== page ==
One main advantage to a two-person team is the enormous emotional support which a second person can add to the operation-especially when you are dredging in deep material, or when you are sampling around for deposits and have not found any in awhile.

On the other hand, the wrong person can inhibit the operation. So you must be especially careful to find someone who has a similar work, emotional and moral standard as yourself.

In my own operations, we have found that the key to good teamwork is in establishing standard operational procedures for almost everything. This takes quite a bit of planning and communication, and is an ever-continuing process. We have standard procedures for removing plug-ups from the suction hose and power jet. We have standard procedures for moving the dredges forward and backward during operation. And, we have standard procedures for every other facet of the underwater work of moving the material from in front of us, to placement of the tailings and cobbles behind our dredge hole.

The following video segment demonstrates a well-orchestrated underwater dredging team. Notice how the rock-persons are working to free the very next over-sized rocks that are impeding progress of the suction nozzle:

Most importantly, we have standard underwater communication signals. These are demonstrated in the following important video segment:

As we discussed earlier, volume is the key to success — or the degree of success. We take this quite seriously in my own operations, to the point where every single second and every single physical effort is important to the operation. You will seldom find the members of my team socializing or goofing off during the underwater production hours. During the rest of the time, maybe. But during production time, we are entirely focused upon the needs of the operation. We treat the dredging-portion of the operation kind of like competitive team athletic sports. We don’t compete against each other. We compete against the barriers that Mother Nature has constructed for us to overcome to recover volume amounts of gold.

We try to spend a minimum of six hours doing production dredging each day. In our operation, this is done in two 3-hour dives. Other commercial operators prefer three or four shorter dives. I know one commercial dredger in New Zealand who prefers a straight six, seven or eight-hour dive. What an animal!

Personally, I like lunch. But I do agree with the concept of long dives; the reason being that it takes a little while to get a good momentum going. Every time you take a break, you need to then get the momentum going again. What do I mean about momentum? Momentum in dredging is very similar to the beat of the drum in rock n’ roll. It is the continuous flow of gravel up the nozzle, with the oversized rocks being moved out of the way in their proper order at just the proper time so that the flow of material into the nozzle is not slowed down.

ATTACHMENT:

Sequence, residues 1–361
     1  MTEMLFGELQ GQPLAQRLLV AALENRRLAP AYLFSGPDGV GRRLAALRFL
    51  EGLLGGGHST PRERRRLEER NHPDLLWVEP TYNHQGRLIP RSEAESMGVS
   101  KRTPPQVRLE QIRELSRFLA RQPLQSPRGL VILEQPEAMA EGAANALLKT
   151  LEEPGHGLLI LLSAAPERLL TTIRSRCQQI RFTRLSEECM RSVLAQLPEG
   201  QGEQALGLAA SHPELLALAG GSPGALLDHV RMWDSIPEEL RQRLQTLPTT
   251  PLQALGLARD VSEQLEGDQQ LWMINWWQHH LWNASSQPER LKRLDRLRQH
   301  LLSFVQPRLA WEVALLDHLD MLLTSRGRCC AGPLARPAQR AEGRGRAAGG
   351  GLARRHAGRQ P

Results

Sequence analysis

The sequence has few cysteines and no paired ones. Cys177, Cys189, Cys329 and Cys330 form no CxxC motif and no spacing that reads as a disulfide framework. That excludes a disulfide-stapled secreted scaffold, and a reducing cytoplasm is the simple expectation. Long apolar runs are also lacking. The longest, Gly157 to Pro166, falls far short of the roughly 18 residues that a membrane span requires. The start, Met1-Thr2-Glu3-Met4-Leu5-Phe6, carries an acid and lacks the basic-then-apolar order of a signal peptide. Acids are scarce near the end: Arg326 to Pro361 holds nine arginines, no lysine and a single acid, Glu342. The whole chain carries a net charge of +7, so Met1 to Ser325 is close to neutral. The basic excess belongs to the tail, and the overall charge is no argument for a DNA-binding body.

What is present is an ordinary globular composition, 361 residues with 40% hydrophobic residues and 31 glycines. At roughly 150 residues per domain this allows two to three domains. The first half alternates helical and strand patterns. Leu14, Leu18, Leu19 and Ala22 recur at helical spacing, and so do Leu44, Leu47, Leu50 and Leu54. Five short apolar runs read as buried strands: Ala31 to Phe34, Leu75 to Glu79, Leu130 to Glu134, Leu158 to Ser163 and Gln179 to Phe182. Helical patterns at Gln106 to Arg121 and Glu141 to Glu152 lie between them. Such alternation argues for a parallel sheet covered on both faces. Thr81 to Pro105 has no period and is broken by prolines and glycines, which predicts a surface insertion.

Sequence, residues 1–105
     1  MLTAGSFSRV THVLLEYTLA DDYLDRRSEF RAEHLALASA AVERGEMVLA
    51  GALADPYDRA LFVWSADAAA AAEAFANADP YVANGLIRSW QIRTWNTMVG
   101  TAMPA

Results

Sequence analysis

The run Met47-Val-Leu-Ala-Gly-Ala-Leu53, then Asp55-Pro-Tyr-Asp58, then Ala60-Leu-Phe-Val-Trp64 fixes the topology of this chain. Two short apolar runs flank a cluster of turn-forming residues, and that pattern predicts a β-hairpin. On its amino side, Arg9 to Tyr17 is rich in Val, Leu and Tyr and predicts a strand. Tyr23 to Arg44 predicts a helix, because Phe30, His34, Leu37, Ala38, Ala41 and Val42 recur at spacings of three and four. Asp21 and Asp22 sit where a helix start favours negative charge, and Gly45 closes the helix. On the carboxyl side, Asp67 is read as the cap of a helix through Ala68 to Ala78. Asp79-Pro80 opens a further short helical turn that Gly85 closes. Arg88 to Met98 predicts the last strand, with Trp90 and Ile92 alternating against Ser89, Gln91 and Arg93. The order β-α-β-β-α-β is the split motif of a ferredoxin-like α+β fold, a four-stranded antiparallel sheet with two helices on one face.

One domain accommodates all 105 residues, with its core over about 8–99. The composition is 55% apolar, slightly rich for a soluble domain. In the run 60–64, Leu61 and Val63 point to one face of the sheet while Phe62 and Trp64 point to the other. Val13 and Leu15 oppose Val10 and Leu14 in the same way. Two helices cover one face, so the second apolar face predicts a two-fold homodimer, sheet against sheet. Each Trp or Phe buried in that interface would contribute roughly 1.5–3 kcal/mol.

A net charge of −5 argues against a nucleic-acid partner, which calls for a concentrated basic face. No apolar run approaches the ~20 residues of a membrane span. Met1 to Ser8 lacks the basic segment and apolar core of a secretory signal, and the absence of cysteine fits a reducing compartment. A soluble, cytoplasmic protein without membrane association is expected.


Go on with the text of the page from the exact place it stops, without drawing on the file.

In fact, team dredging can be like an art form. It is very similar to playing music; only instead of notes being played on several instruments to form a harmonious melody, you are playing little notes of effort using your bodies to move the suction nozzle, or the oversized rocks, in unison, so that all of the effort works together to achieve optimum momentum.

An inexperienced rock-person will often move the wrong rock, which will cloud the hole out with silt, rather than move the next rock which is immediately in the way of the nozzle operator. In this case, the nozzle operator is slowed down because of the decreased visibility, and is further slowed down because he or she must then move the proper rock out of the way. This is similar to playing off key, or playing the wrong tune, in music. Everybody else is playing one song, and the new person is doing something else. This all amounts to less volume through the suction nozzle.

On the other hand, there is enormous personal and team-satisfaction to operating within a well structured team-dredging system. This is where the nozzle-operator is the conductor, and the rock-person or rock-persons make the extra effort to stay on the nozzle-operator’s wavelength, to play his tune at his pace, to do everything possible to contribute to his momentum. This is where the rock-person is always paying attention to the needs of the nozzle-person in order to keep things moving along; not just the next rock which is in the way, but moving the dredge forward a bit when necessary to give the nozzle-person a little more suction hose when it is needed, and the hundred other things that are necessary to keep the flow going with minimal restrictions upon the effort being expended to get the job done.

We treat it like a team sport. Everything in dredging is physical. When I give my rock-person the plug-up signal, he or she races to the surface to do his part to clear the obstruction. He doesn’t just mosey on up there like he is on vacation. He goes like he is running for a touchdown or home run. And he gets back to the hole just as fast, once the plug-up is free. When he sees that rocks are stacking up in the hole, he doubles his pace to catch up. When caught up, he will look around to see where other cobbles might be moved out of the way without clouding the hole. Or, he might grab the bar and start breaking rocks free for me. At the same time, I am doing my job, which is to get as much material through the nozzle as humanly possible, with the minimum number of plug-ups. And I don’t stop for anything if I can help it. If something else needs to be done, I delegate it to my rock-person so that I can keep pumping material up the nozzle. That’s my job! Everyone’s gold share depends on it.